Rabbi Steve Nathan President: Steve Natt Forest Drive 1516 Hemlock Farms, Lords Valley, PA 18428 570-775-7497 • E-Mail: jfhf@enter.net Friday evening Shabbat service 7:30 pm, Saturday morning Shabbat Service 9:30 am.

MACHZIKEH HADAS SYNAGOGUE Rabbi Mordechai Fine President: Dr. Shaya Barax 600 Monroe Ave., Scranton, PA 18510 570-342-6271

OHEV ZEDEK CONGREGATION

Rabbi Mordechai Fine 1432 Mulberry St, Scranton, PA 18510 Contact person: Michael Mellner - 570-343-3183

TEMPLE HESED

Union of Reform Judaism Rabbi Daniel J. Swartz President: Eric Weinberg 1 Knox Street, Scranton, PA 18505, (off Lake Scranton Rd.) 570-344-7201 Friday evening Shabbat, 8 pm; Saturday morning Shabbat, 11:15 am

TEMPLE ISRAEL OF DUNMORE

President: Isadore Steckel 515 East Drinker St., Dunmore, PA 18512 Saturday morning Shabbat 7:30 am; also services for Yizkor

TEMPLE ISRAEL OF THE POCONOS

Affiliation: United Synagogue of Conservative Judaism Rabbi Baruch Melman President: Dr. Sharon Alfonsi Contact person: Art Glantz 570-424-7876 711 Wallace St., Stroudsburg, PA, 18360 (one block off Rte. 191 (5th Street) at Avenue A) 570-421-8781 • Website: www.templeisraelofthepoconos.org E-Mail: tipoc@ptd.net Friday evening Shabbat, 8pm; Saturday morning Shabbat, 9 am

TEMPLE ISRAEL OF SCRANTON

Affiliation: United Synagogue of Conservative Judaism Rabbi Moshe Saks 918 East Gibson St., Scranton, PA, 18510 (located at the corner of Gibson & Monroe Sts.) 570-342-0350 Fax: 570-342-7250 • E-Mail: tiscran@epix.net Sunday, 8 am; Mon & Thurs, 7:15 am; Tue, Wed & Fri, 7:25 am; Rosh Hodesh & Chagim weekdays, 7 am; Shabbat Morning Service, 8:45 am; evening services: Sun – Thurs, 5:45 pm; Friday Shabbat and Saturday Havdalah services, call for times.

Caring for others as we care for ourselves By RABBI STEVEN NATHAN, JEWISH FELLOWSHIP OF HEMLOCK FARMS, THE SYNAGOGUE OF PIKE COUNTY Ki Tetze, Deuteronomy 21:10-25:19 This week’s parasha, Ki Tetze (Deuteronomy 21:1025:19), contains the greatest number of mitzvot/commandments of any Torah portion. The 72 mitzvot found in the parasha focus on such issues as the treatment of captives, defiant children, lost animals, suspected adulterers and the poor. This amalgam of mitzvot may seem random at times, and yet there is a guiding principle that reminds us not to be indifferent to other people and the world around us. One of the mitzvot found in the parasha is that we must return lost property, no matter what it may be or how long ago we may have discovered it. There is a Chasidic tale that relates to this mitzvah. In the story, there was a man who came to the great Rabbi Aaron of Chernobyl to tell him of a terrible recurring nightmare he was having. The man had found a wallet containing a fortune. When he could not find the owner in the crowd he kept the money, and with it became even wealthier than he could have imagined. In his nightmare, the man to whom the money had originally belonged became destitute and had to beg in the streets. He died leaving his wife and children in poverty so that his children could not even afford an education. The rabbi instructed the man to find the one who had originally owned the money and give him half of the wealth he had accumulated. Once he did so, the man’s nightmares ceased. There exists another parable that teaches about this mitzvah in a more indirect manner. In this talmudic story (Ta’anit 25a), men carrying two measures of barley visited Rabbi Pinchas ben Yair. They deposited the barley with him and seem to forget about it. Seven years later, the men returned to find that Rabbi Pinchas had sowed the barley and reaped great harvests. When he saw them, Rabbi Pinchas told them, without hesitation, to take everything from “your storehouses filled with grain.” The original grain had belonged to them, and so did all that was subsequently produced from that grain. In the first story, the man unable to abide by the fact that he had profited from the loss of another, was instructed not to return his entire fortune, but instead to share the wealth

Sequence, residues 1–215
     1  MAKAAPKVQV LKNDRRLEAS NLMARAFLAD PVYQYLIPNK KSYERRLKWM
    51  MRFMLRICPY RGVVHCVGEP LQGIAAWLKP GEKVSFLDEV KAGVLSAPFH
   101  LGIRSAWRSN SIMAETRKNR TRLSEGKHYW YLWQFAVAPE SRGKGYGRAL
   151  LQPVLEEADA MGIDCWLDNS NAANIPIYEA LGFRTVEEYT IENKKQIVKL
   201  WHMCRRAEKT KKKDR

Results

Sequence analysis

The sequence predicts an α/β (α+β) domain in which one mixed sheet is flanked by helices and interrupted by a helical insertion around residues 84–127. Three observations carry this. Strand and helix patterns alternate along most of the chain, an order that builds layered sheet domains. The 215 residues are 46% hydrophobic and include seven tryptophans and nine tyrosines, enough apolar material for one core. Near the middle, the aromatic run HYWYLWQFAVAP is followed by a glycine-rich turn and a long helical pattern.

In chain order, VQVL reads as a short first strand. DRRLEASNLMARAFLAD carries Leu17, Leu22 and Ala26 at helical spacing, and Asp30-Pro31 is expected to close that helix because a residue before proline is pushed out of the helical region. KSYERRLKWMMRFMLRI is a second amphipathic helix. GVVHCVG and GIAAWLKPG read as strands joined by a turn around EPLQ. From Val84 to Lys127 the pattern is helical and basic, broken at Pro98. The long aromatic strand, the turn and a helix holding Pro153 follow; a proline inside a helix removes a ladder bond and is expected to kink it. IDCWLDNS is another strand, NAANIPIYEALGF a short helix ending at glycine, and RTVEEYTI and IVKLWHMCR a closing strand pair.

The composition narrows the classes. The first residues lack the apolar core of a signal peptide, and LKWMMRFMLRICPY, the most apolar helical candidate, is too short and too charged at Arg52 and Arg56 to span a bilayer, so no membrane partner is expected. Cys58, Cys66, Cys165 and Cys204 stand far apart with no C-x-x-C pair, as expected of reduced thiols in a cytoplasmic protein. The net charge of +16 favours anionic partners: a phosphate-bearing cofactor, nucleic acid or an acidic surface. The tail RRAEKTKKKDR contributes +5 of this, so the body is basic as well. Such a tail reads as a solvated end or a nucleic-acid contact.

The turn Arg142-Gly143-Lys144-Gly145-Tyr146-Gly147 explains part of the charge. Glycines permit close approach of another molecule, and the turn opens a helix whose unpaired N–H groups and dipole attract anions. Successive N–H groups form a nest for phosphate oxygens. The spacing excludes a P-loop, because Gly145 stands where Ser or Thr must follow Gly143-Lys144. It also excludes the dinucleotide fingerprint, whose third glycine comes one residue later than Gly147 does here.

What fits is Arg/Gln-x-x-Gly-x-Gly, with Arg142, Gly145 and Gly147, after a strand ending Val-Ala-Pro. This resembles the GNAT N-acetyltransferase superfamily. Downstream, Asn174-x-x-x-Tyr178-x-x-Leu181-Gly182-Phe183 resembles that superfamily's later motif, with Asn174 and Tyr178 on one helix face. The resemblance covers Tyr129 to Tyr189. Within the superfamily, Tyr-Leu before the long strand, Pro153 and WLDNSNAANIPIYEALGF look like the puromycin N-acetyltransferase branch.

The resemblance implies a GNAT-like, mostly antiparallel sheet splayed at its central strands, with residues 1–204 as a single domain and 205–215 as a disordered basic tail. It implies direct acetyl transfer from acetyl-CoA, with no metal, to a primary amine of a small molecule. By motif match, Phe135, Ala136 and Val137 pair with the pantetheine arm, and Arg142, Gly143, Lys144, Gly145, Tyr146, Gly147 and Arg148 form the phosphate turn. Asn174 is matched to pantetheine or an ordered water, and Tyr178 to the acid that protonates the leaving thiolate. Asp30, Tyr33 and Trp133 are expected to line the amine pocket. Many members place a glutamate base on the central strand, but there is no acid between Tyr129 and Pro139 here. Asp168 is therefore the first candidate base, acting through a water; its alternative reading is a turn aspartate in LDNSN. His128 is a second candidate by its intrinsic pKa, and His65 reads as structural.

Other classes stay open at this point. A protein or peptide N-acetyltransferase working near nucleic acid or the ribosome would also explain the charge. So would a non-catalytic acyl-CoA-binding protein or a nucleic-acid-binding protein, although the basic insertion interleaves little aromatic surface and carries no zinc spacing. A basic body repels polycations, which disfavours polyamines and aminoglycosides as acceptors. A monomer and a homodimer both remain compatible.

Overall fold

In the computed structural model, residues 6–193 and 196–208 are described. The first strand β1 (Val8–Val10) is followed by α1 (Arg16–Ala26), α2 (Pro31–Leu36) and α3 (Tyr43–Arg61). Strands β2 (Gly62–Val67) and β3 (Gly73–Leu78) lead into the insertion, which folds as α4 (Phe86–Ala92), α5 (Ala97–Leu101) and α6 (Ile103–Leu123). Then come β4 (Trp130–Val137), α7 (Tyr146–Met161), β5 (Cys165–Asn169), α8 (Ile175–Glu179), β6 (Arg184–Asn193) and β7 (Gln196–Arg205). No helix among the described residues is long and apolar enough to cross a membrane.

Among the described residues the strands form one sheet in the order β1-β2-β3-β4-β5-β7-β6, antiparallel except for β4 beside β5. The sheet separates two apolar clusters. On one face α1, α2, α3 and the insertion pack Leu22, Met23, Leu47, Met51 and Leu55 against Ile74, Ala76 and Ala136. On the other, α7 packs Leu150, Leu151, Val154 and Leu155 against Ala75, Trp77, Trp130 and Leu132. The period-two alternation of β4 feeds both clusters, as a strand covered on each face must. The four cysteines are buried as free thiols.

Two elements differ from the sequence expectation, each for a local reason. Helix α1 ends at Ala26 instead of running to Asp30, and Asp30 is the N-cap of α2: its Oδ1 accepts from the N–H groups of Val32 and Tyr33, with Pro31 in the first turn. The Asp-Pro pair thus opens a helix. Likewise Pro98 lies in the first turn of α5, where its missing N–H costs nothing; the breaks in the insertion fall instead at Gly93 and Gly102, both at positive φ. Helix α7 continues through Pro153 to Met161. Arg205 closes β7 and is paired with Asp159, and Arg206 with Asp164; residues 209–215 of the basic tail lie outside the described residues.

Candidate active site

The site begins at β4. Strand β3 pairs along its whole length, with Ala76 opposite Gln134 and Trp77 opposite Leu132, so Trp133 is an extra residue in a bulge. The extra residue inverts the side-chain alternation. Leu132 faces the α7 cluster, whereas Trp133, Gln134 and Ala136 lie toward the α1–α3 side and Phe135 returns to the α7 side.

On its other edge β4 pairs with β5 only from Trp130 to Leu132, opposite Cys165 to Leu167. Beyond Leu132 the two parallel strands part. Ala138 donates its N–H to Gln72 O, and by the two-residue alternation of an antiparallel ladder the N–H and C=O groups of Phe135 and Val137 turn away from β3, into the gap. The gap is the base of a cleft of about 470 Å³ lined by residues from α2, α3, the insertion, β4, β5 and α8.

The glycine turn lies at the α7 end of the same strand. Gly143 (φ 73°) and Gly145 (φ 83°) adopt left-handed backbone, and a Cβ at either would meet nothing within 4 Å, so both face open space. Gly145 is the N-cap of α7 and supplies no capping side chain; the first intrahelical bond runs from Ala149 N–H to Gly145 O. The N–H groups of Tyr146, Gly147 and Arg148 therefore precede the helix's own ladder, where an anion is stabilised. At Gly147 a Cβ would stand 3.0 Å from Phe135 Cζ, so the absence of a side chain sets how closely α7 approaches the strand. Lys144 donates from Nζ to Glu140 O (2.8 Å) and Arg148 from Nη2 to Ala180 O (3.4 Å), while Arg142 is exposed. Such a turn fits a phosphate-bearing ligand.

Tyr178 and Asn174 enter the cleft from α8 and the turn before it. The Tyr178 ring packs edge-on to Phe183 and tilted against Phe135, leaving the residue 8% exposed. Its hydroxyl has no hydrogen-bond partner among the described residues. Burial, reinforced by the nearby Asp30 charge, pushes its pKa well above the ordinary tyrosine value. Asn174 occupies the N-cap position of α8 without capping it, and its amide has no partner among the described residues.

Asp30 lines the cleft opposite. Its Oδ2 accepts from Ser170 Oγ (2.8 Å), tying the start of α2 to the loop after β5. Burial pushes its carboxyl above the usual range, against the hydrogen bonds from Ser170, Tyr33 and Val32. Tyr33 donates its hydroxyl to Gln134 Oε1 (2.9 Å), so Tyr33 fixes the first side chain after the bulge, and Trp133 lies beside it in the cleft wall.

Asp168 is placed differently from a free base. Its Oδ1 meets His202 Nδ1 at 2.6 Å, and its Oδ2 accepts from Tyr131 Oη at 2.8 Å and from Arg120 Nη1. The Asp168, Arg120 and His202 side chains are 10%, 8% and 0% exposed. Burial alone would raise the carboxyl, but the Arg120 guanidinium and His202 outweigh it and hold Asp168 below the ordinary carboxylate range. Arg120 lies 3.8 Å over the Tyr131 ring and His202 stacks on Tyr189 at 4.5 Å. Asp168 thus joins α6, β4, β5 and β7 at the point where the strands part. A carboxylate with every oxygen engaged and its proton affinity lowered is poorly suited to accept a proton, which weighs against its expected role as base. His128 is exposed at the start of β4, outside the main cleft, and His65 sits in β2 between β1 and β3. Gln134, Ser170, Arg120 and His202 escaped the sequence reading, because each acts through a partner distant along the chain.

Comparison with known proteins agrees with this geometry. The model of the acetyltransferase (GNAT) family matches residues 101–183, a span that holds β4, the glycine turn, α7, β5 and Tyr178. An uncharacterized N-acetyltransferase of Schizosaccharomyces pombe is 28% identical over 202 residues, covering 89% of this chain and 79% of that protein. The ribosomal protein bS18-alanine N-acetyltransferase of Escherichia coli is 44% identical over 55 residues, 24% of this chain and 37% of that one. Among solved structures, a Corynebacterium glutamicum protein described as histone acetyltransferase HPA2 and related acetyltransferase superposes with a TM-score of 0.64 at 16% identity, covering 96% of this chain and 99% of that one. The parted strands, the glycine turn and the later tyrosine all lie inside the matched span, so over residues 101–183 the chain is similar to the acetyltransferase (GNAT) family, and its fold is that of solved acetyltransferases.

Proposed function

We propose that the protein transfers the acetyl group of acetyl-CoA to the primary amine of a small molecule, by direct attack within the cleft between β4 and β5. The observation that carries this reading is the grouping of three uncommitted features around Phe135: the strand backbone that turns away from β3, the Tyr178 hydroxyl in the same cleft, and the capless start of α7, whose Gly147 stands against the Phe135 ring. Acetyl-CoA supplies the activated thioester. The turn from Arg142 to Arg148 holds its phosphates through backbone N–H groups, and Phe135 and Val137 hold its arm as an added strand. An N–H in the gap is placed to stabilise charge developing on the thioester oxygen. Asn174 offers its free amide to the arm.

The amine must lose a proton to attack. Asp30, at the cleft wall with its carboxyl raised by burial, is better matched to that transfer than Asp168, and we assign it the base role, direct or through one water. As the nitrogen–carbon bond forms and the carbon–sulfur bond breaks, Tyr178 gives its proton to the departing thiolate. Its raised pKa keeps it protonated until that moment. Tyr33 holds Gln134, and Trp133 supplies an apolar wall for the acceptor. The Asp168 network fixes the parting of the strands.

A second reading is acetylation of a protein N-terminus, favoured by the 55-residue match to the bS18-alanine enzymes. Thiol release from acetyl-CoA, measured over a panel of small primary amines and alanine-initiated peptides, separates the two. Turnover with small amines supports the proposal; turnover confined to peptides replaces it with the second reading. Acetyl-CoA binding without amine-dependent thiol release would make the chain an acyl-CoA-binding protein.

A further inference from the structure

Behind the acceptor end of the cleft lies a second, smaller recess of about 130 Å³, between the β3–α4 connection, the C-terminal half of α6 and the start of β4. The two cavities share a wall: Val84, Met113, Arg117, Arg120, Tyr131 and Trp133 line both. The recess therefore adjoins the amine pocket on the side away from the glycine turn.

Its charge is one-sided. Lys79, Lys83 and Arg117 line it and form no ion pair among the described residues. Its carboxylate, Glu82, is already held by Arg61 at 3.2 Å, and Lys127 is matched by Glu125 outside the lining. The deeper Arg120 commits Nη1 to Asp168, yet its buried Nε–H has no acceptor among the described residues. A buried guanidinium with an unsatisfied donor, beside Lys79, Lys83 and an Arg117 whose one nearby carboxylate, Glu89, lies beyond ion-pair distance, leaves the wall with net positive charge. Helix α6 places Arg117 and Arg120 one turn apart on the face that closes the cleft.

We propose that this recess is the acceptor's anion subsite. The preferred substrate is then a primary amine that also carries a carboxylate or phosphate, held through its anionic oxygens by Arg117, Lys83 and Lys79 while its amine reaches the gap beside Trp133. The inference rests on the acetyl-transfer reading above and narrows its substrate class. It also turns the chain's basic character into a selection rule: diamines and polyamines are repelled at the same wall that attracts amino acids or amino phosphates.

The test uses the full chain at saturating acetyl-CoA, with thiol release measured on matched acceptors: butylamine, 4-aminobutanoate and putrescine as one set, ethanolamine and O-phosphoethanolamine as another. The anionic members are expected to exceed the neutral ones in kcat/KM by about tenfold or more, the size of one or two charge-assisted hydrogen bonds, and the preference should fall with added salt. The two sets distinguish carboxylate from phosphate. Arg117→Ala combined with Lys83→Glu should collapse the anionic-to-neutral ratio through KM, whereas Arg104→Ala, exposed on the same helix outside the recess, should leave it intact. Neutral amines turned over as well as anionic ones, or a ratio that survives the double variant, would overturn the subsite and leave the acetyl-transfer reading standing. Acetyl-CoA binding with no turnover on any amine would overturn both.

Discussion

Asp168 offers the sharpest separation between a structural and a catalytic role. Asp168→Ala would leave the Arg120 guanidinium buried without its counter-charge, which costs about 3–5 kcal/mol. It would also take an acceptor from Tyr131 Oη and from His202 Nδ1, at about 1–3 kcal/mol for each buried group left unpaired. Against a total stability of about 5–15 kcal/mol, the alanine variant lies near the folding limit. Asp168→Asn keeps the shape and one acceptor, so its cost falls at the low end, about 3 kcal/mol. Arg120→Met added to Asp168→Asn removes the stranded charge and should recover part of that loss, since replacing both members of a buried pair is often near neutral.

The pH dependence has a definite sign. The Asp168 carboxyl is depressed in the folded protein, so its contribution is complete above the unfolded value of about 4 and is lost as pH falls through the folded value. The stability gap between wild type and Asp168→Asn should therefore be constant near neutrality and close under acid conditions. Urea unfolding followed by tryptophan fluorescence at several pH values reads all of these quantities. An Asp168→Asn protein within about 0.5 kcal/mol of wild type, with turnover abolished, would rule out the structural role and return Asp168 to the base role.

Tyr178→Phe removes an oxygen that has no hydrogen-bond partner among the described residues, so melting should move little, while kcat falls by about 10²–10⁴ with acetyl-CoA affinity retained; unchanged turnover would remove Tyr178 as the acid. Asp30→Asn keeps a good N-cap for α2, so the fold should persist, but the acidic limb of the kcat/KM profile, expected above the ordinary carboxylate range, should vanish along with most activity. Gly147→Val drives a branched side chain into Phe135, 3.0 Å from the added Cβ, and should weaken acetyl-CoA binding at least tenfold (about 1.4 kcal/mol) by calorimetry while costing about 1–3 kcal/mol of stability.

with the man to whom the money had originally belonged. In the second story, Rabbi Pinchas didn’t simply share the wealth, but he handed all of the remaining grain back to the original owners. Both stories operate based an underlying assumption that there is someone who is the “rightful” owner and someone else who is simply a “proxy” or “temporary” owner who must eventually relinquish the original property as well as all or part of what had accumulated. Both stories remind us that we must care for others as well as for ourselves. We have no right to profit from the misfortune, negligence or forgetfulness of others. Nor can we profit completely from that which is not completely ours. They also remind us that following these teachings is part of creating a caring society, just as much as the laws that protect the widow, the orphan, the poor and the stranger that we also find in this week’s parasha. However, I believe that there is another underlying assumption within these parables, for both seem to be based on the belief that the property is owned by anyone at all. Yet, in Psalm 24, we read “the world belongs to God in all its fullness, the earth and all who dwell on it...” In other words, everything on this earth belongs to God. Nothing is truly owned by any human being. An extension of this can also be found in the central teachings of mindfulness practice that nothing truly belongs to anyone and that nothing in life is permanent. Everything is temporary and ephemeral. We must rejoice in the moment, because that is all we have. We must rejoice in what we have now because we do not know if it will be “ours” the next moment, if indeed it ever was “ours.” We spend so much of our lives focusing on acquiring things, whether money, property, books, music, etc., that we often forget to enjoy what and who is in front of us at any given moment. In both of the stories above, there was an assumption that something belonged to someone and therefore needed to be returned. Yet, there was also an assumption that nothing truly belonged to anyone, or else neither of the “finders” would have dared to profit at all, or to keep or return any of what they had amassed. In writing this, I couldn’t help but think of the survivors of personal or communal tragedies, for their losses truly See “Caring” on page 12